Civility is all about the message we carry from God’s heart to the world. Civility is the moral language of heaven. As a language, it serves a dual purpose. First, it identifies us as people who belong to God. As the day’s light is an extension of the sun’s light, so our conduct is an extension of our place in the City of God. Second, true biblical civility reflects God’s love in action.

The reflected expressions of God’s love impact all social relationships, from how we greet people, respect their property, and honor the aged ones in our midst, to how we share a meal with each other. Everything is connected to a purpose greater than ourselves, and that is precisely what separates the civility derived from God’s nature and love and the counterfeit civility birthed from moral relativism. The latter has man trying to meet his basic needs without God, the former is man meeting his fellow man’s basic needs with the love of God. 

God desires to be made known to the world, so He chose a people on Earth to represent Him to all nations. In times past, the Nation of Israel was given that privilege. “And you shall be to Me a kingdom of priests and a holy nation” (Exodus 19:6). “For you are a holy people to the Lord your God; and the Lord has chosen you to be a people for His own possession out of all the peoples who are on the face of the earth” (Deuteronomy 14:2).

With Israel’s corporate rejection of Christ as the promised Messiah, the Church age was born and the followers of Christ became God’s earthly representatives to the World. To the Church, Peter wrote, “But you are a chosen people, a royal priesthood, a Holy Nation, a people belonging to God” (1 Peter 2:9). What is God’s purpose for calling the church? The verse continues, “That you may declare the praise of Him who called you out of darkness into His wonderful light.”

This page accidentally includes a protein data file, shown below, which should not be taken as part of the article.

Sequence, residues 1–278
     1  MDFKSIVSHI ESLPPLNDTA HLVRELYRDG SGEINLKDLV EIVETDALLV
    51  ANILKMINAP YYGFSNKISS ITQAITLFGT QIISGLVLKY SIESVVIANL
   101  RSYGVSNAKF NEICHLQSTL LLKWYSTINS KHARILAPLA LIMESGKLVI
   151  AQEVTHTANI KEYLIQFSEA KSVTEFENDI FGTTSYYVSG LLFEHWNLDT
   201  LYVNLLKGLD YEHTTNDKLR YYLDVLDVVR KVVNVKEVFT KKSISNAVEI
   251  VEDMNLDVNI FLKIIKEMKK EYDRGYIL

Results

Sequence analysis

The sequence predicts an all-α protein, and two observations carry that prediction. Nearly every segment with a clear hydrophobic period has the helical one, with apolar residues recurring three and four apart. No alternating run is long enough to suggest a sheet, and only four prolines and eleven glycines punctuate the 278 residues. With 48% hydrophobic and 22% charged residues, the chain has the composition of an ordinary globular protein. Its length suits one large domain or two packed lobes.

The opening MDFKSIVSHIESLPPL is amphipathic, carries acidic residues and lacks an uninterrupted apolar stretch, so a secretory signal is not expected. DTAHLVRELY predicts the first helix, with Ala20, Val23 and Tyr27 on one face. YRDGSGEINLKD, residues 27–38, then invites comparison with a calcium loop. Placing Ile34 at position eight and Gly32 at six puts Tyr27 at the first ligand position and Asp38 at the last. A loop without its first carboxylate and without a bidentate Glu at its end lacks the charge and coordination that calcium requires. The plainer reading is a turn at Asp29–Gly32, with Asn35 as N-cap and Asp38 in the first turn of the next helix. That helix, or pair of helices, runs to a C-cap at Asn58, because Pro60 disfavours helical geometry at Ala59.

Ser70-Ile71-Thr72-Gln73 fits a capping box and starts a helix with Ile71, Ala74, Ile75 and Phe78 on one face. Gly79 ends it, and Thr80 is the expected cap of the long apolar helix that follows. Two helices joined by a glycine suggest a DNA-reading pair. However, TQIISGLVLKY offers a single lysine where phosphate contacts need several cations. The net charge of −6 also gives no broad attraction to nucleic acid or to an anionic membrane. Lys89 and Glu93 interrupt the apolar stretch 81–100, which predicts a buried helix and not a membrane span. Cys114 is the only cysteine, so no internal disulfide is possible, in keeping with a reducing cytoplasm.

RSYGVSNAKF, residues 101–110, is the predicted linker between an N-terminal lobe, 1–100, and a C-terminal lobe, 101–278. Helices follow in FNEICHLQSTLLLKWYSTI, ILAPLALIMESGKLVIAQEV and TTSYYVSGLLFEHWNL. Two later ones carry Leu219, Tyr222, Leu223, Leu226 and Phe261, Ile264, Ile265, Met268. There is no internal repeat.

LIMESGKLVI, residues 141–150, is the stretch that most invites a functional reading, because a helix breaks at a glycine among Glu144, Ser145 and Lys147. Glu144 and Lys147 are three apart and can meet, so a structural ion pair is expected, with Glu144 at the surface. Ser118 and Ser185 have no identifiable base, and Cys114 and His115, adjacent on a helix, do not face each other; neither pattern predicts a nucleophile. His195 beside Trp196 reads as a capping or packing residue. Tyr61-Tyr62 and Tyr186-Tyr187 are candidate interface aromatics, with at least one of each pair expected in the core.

Declaring God to the world is the purpose for which Israel existed and now the Church exist. For the New Testament saint, God desires our behavior be distinctively different. Not different simply for the sake of difference but distinctively reflective of His character which is in fact the means by which we, God’s people, declare His praises, and in so doing, His presence. But what does distinctive living look like everyday and what is the means by which God extends Himself to the world? 

We believe the family is the most fundamental social unit in God’s world for Kingdom building purposes. Why? Because the family is the values generating and perpetuating institution of every society. That was true in the old covenant and Israel and it is true with the new covenant and the church. We are drawn to the conclusion that parenting is a Kingdom issue, and of great importance to God. When the Christian family is no longer what it ought to be, everything else that the church does is weakened if not destroyed, for what we are as a family is what we are as a church. For what is the church but a family of families, and a household of households.